From LIBOR to SOFR: An Update on The Effect on Borrowers

From LIBOR to SOFR An Update on The Effect on Borrowers

For years, LIBOR (London Interbank Offered Rate) has been a familiar component of commercial real estate lending in the U.S. Soon, though, LIBOR will vanish in the U.S., making way for a benchmark rate known as SOFR (Secure Overnight Financing Rate).

Follow along to learn why the LIBOR-to-SOFR switch is being made and how it will affect commercial real estate lending.

Why is LIBOR being replaced?

LIBOR is a collection of interest rates based on estimates from as many as 18 major global banks. The estimates refer to the banks’ envisioned costs to borrow money from other banks.

For decades, LIBOR had been used to set interest rates for U.S. financial products such as adjustable-rate loans, mortgages and corporate debt, Forbes explains.

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Because of its role in aggravating the 2007-09 financial crisis and in fueling rate-manipulation scandals, LIBOR is being retired in the U.S.

As of January 2022, one-week and two-month LIBOR tied to the U.S. dollar are no longer being published by the ICE Benchmark Administration, which handles regulated benchmarks like LIBOR. Publishing of overnight, one-month, three-month, six-month and 12-month LIBOR linked to the U.S. dollar is supposed to end in June 2023.

“Lenders and servicers must stop using LIBOR by [June 2023],” according to the Consumer Financial Protection Bureau, “and most are expected to switch to using another comparable or substantially similar index by this date.”

What will happen once LIBOR is officially phased out?

Once LIBOR is phased out, most U.S. lenders are expected to shift to SOFR.

The Federal Reserve Bank of New York and the federal Office of Financial Research designed SOFR in conjunction with the Alternative Reference Rate Committee, a group of private-industry and public-sector representatives guiding the U.S. transition from LIBOR to SOFR.

The New York bank publishes SOFR, which reflects the cost of overnight borrowing of cash that’s backed by Treasury securities in the repurchase agreement (repo) market. SOFR is viewed as a secured, risk-free rate, whereas LIBOR is an unsecured benchmark that builds in credit risk related to banks’ estimates of the cost to borrow money.

The LIBOR-to-SOFR change may or may not lead to a change in interest rates for existing financial products, the Consumer Financial Protection Bureau says.

“Lenders and servicers are generally required to select a replacement index that is comparable or substantially similar, so your interest rate under the new index should also be comparable or substantially similar,” says the Bureau.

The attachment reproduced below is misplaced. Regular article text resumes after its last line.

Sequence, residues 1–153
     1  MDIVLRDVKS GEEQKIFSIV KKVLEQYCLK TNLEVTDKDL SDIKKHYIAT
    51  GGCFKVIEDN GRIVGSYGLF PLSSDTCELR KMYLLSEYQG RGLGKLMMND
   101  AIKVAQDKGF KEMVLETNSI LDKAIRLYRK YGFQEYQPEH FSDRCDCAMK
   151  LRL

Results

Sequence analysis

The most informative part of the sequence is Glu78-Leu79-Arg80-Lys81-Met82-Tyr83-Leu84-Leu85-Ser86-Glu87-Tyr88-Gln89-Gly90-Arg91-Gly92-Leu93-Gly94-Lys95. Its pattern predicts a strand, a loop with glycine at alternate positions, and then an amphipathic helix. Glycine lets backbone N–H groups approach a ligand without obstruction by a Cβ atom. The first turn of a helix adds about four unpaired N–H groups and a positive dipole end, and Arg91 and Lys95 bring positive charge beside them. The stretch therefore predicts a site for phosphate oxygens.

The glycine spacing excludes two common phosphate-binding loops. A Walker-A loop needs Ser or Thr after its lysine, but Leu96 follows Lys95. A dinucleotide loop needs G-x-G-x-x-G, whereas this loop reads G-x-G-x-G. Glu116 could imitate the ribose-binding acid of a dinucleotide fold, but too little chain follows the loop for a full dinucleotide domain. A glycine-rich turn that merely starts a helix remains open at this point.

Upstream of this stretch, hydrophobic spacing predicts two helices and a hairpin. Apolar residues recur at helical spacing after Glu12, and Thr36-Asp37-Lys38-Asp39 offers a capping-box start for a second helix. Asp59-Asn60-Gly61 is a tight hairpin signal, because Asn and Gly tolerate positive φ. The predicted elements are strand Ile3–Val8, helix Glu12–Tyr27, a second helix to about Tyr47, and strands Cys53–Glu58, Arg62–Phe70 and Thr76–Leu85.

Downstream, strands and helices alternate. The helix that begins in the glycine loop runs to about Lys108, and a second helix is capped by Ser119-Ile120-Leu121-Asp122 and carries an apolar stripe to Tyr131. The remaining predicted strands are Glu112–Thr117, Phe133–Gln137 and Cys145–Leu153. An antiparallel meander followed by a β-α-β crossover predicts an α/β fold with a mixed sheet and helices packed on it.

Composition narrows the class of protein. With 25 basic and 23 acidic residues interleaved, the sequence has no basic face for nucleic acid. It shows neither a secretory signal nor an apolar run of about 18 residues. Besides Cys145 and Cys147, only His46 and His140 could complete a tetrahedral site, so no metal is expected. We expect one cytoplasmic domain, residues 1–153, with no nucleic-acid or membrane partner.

Under SOFR, your rate for an existing fixed-rate loan isn’t meant to change. But it may change if you have an adjustable-rate loan, such as a commercial mortgage or a business loan. As for new loans, their rates are typically based on SOFR.

LIBOR-based loans that automatically renew this year generally will convert to SOFR-based loans.

What happens to SOFR when interest rates rise?

When the Federal Reserve increases or decreases its benchmark rate for overnight borrowing between banks (known as the federal funds rate), it can cause rates for SOFR-based lending products to go up or down as well.

According to research published by the University of Technology Sydney, “the dynamics of SOFR are closely linked to the dynamics” of the Fed funds rate. 

How will SOFR being the standard benchmark for rates affect commercial real estate?

For decades, LIBOR was the standard benchmark for commercial mortgages and construction loans.

In some cases, commercial real estate borrowers have loans in place that are automatically converting to SOFR. In other cases, LIBOR-based loans already have been replaced by SOFR-based loans.

Alternatively, some borrowers have moved away from variable-rated LIBOR or SOFR loans and toward fixed-rate loans. Commercial real estate loans often are tied to variable rates.

Government-sponsored entities and major lenders in the multifamily market, Fannie Mae Multifamily and Freddie Mac Multifamily, announced in January 2023 that they were transitioning from LIBOR to SOFR for legacy floating-rate loans and securities. After June 30, 2023, the lenders will rely on the spread-adjusted, 30-day-average SOFR for legacy floating-rate loans and securities.
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